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Senning operation for correction of the transposition of the great arteries, results, long-term outcome and quality of life

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DOI: 10.4236/wjcd.2012.23036    6,649 Downloads   10,159 Views Citations
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ABSTRACT

Objective: Long-term results after the Senning operation for transposition of the great arteries are little known. Sinus node dysfunction and systemic ventricular dysfunction are crucial in patient survival. We evaluated the results, long term outcome and quality of life in a group of 39 patients. Methods: The study was a retrospective analysis, of 39 (39/40 = 97.5%) surgical surviving patients, submitted to Senning operation, with a mean follow-up time of 14.7 +/– 3.1 years. Electrocardiogram, echocardiogram, and chest radiograph series were performed every 6 months. Thirty six patients of this series underwent Holter study and ergometric test, to evaluate the physical capacity. Three patients living overseas were excluded. Results: There was only one late death (1/39) (late mortality = 2.5%): a 16 year-old patient had a no cardiac death. The actuarial survival was 95.0% (38/40) (simple or with little VSD, TGA). The probability of staying in sinus rhythm, in 39 surviving patients was 77.1% (30) or normal right ventricular function was 76.5% (29), 10 to 20 years after operation. The incidence of sinus node and right ventricular dysfunction increased gradually over time. No re-operations and pacemaker implantation, was performed. Functional class: I = 30 (85.7%) cases and functional class II = 5 (14.3%) cases. Conclusions: Patients with simple TGA submitted to Senning procedure in our experience, presented during late follow-up: 1—Low incidence of right ventricular dysfunction and active arrhythmias; 2—Low mortality and no sudden death recorded; 3—Good quality of life and 4—Satisfactory surgical results (free of re-operation or definitive pacemaker implantation).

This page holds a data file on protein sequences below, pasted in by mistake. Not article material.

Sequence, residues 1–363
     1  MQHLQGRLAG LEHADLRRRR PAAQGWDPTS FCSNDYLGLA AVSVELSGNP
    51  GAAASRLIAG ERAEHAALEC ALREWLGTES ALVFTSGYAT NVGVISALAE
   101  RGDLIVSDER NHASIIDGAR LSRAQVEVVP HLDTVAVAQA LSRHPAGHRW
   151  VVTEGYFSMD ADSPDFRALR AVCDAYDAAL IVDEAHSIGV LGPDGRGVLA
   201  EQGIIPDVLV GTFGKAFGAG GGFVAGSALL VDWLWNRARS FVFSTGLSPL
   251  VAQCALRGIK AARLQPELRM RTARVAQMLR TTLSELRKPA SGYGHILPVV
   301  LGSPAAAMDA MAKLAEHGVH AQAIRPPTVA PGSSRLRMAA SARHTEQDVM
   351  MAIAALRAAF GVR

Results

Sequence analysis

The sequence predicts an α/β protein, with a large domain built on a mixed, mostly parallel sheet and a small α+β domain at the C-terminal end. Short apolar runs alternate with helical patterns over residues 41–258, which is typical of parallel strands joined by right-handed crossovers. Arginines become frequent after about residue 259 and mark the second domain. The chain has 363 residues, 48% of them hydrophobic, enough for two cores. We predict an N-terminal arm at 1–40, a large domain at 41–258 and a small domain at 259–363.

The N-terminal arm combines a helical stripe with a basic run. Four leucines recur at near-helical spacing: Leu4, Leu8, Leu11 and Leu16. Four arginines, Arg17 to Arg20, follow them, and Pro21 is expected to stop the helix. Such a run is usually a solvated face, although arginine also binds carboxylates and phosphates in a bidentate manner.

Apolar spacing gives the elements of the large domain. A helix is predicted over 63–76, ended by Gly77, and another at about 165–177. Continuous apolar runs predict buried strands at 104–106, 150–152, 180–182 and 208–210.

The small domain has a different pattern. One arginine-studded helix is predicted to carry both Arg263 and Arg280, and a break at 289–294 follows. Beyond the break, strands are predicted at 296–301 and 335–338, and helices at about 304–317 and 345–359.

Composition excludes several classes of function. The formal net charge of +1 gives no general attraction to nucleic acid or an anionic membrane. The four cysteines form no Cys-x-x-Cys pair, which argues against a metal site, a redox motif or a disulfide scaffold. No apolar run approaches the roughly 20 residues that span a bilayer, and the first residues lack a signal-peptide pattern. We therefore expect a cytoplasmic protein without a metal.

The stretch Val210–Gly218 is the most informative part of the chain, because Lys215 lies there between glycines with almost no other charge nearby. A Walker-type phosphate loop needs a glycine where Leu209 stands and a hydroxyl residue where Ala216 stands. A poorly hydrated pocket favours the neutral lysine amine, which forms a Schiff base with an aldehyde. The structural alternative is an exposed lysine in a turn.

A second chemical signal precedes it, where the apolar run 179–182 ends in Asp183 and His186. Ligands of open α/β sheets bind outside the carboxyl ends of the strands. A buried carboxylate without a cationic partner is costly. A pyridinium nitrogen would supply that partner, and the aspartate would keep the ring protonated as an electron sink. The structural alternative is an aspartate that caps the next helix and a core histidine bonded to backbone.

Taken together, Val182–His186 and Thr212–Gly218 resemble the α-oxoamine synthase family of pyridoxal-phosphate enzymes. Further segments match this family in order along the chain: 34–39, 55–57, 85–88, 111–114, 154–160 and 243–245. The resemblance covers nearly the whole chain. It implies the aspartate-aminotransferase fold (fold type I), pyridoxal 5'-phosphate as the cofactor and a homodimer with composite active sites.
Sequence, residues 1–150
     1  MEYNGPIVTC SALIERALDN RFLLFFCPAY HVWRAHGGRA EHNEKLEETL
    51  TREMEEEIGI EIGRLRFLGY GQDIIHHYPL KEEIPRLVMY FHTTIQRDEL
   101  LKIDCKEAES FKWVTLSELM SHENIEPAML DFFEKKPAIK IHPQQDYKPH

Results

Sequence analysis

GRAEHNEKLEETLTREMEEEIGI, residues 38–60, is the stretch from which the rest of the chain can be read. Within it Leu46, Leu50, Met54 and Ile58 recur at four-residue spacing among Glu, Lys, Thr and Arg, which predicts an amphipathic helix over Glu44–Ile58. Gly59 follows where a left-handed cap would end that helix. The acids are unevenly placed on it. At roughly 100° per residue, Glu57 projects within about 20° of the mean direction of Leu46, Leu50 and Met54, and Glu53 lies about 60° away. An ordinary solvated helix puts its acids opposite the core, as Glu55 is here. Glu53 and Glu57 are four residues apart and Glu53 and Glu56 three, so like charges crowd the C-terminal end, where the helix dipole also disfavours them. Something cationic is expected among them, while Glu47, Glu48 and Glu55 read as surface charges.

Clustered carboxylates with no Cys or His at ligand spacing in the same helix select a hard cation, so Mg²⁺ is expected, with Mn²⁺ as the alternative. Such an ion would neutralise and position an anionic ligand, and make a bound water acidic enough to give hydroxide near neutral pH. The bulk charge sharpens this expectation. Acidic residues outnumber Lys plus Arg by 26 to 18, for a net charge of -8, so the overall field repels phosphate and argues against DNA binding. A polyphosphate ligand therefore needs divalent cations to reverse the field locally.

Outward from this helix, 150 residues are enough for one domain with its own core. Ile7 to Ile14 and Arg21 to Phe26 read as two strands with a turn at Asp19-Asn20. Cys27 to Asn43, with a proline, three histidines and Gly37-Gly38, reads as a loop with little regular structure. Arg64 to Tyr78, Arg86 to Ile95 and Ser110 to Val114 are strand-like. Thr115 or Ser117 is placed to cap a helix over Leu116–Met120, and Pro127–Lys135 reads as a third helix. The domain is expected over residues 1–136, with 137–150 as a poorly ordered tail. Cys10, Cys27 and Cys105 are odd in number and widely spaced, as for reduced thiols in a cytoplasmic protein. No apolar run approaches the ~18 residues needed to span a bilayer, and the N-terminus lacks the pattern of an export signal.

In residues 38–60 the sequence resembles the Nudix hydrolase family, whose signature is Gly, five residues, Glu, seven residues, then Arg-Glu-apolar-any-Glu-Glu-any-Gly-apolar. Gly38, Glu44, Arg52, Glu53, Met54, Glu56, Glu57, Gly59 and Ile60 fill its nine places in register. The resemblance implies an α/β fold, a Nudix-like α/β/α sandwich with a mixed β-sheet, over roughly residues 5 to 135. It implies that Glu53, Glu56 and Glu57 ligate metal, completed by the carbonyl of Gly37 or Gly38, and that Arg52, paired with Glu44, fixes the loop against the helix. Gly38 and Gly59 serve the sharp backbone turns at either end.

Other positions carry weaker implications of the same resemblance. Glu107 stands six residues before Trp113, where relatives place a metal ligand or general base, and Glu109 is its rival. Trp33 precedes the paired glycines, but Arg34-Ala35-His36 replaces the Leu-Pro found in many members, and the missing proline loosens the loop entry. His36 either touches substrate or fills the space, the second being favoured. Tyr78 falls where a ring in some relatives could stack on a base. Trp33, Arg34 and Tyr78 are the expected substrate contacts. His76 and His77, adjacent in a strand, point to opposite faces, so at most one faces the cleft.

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Maluf, M. (2012) Senning operation for correction of the transposition of the great arteries, results, long-term outcome and quality of life. World Journal of Cardiovascular Diseases, 2, 213-219. doi: 10.4236/wjcd.2012.23036.

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